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This work belongs to the development of mechanical force-responsive drug delivery systems based on remote stimulation by an external magnetic field at the first stage, assisting the positioning of a ferrogel-based targeted delivery platform in a fluid flow.

Magnetically active biopolymer beads were considered a prototype implant for the needs of replacement therapy and regenerative medicine. Spherical calcium alginate ferrogels (FGs)~2.4 mm in diameter, filled with a 12.6% weight fraction of magnetite particles of 200–300 nm in diameter, were synthesized. A detailed characterization of the physicochemical and magnetic properties of FGs was carried out, as were direct measurements of the field dependence of the attractive force for FG-beads. The hydrodynamic effects of the positioning of FG-beads in a fluid flow by a magnetic field were studied experimentally in a model vessel with a fluid stream. Experimental results were compared with the results of mathematical and computer modeling, showing reasonable agreement. The contributions of the hydrodynamic and magnetic forces acting on the FG-bead in a fluid flow were discussed. Obtained forces for a single ferrogel implant were as high as 0 to 10−4 N for the external field range of 0 to 35 kA/m, perfectly in the range of mechanical force stimuli in biological systems.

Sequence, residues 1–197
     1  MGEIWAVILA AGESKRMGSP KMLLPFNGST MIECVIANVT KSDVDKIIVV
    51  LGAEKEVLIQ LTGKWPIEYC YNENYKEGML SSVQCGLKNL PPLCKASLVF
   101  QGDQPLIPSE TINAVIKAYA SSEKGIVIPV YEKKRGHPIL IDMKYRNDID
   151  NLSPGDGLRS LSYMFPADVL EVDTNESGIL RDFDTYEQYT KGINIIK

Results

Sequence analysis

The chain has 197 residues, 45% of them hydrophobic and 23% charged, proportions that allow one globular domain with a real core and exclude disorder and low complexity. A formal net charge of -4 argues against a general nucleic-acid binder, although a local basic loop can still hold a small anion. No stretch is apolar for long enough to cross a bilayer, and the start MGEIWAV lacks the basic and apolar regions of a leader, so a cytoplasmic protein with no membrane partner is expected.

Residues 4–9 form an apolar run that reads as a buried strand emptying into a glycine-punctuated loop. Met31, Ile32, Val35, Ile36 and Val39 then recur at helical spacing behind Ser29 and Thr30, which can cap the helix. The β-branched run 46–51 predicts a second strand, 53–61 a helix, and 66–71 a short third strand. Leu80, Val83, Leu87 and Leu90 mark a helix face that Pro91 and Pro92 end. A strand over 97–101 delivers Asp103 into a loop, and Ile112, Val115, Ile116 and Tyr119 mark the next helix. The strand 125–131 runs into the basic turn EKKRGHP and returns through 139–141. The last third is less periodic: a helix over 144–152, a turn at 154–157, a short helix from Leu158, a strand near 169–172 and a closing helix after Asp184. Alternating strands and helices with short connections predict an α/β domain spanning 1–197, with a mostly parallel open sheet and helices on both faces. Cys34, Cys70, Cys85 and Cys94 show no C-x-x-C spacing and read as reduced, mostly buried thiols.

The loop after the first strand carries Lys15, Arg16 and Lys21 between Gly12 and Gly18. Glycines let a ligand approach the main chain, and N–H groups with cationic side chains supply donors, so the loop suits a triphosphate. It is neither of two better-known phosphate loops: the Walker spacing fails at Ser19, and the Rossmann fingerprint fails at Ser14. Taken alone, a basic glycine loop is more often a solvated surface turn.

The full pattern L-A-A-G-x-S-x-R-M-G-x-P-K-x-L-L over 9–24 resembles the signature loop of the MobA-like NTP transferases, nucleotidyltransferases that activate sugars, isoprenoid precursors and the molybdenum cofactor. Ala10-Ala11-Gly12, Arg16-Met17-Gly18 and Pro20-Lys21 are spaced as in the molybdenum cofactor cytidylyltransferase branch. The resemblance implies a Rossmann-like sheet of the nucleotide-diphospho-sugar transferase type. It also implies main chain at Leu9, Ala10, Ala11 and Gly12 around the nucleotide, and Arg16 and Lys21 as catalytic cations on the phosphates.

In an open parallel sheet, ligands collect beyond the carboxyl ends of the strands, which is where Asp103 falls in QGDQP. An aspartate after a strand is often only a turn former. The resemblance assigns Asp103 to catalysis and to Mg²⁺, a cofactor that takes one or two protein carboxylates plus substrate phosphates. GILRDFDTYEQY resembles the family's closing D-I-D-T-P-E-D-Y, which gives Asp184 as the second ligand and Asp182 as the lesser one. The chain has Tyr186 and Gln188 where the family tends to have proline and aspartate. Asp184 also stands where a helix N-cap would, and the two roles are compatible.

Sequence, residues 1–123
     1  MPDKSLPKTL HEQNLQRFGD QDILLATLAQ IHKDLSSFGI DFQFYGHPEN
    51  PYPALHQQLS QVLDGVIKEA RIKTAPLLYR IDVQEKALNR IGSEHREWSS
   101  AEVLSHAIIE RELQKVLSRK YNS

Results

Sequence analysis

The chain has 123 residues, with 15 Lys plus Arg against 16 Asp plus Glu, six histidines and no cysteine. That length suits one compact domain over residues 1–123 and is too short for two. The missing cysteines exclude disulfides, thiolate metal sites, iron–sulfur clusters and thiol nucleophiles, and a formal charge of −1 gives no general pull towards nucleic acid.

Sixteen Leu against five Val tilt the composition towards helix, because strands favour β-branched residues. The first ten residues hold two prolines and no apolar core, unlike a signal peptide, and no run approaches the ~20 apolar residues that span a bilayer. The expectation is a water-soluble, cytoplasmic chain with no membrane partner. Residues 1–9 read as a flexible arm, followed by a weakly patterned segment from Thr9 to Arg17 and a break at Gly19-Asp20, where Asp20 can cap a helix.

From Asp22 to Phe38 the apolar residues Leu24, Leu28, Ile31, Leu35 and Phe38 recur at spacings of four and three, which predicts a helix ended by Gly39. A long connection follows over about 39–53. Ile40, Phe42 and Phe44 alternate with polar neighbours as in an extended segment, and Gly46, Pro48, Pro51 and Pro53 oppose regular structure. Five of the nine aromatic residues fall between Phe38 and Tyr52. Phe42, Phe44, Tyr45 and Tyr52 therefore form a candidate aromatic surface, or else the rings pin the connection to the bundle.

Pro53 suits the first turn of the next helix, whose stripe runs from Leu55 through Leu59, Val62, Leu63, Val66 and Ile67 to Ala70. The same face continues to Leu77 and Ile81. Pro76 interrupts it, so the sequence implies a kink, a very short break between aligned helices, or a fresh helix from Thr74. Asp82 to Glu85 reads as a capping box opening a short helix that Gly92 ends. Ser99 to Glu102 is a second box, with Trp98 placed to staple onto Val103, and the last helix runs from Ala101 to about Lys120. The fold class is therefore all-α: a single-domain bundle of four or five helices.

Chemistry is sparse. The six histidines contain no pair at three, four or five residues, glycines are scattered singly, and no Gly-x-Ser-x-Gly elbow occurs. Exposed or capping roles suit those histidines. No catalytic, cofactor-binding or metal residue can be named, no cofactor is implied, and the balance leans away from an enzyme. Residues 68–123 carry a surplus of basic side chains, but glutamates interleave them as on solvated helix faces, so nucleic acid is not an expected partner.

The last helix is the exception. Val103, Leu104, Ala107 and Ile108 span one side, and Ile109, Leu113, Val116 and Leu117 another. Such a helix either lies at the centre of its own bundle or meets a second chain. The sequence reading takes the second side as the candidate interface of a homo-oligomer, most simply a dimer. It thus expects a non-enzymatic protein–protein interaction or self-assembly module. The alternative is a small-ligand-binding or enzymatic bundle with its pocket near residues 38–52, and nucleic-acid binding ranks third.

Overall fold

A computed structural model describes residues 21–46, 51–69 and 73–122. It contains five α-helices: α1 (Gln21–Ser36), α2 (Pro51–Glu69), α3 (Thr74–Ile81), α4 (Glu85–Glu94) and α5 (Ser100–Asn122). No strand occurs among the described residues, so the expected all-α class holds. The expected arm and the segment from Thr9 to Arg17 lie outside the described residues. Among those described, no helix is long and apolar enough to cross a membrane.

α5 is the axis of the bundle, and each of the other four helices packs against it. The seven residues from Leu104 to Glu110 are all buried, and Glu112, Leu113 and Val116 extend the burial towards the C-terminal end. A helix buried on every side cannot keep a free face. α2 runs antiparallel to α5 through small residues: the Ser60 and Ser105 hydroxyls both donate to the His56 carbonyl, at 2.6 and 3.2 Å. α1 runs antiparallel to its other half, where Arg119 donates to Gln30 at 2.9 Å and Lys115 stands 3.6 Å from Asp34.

Felix Blyakhman (1, 2), Alexander Safronov (2,3), Ilya Starodumov (1,2), Darya Kuznetsova (1,2), Galina Kurlyandskaya (2) Remote Positioning of Spherical Alginate Ferrogels in a Fluid Flow by a Magnetic Field: Experimental and Computer Simulation // Gels 2023, 9(9), 711 

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(1) Department of Biomedical Physics and Engineering, Ural State Medical University, Ekaterinburg 620028, Russia
(2) Institute of Natural Sciences and Mathematics, Ural Federal University, Ekaterinburg 620002, Russia
(3) Institute of Electrophysics UB RAS, Ekaterinburg 620016, Russia
© 2023 by the authors. Licensee MDPI, Basel, Switzerland. This article is an open access article distributed under the terms and conditions of the Creative Commons Attribution (CC BY) license (https://creativecommons.org/licenses/by/4.0/).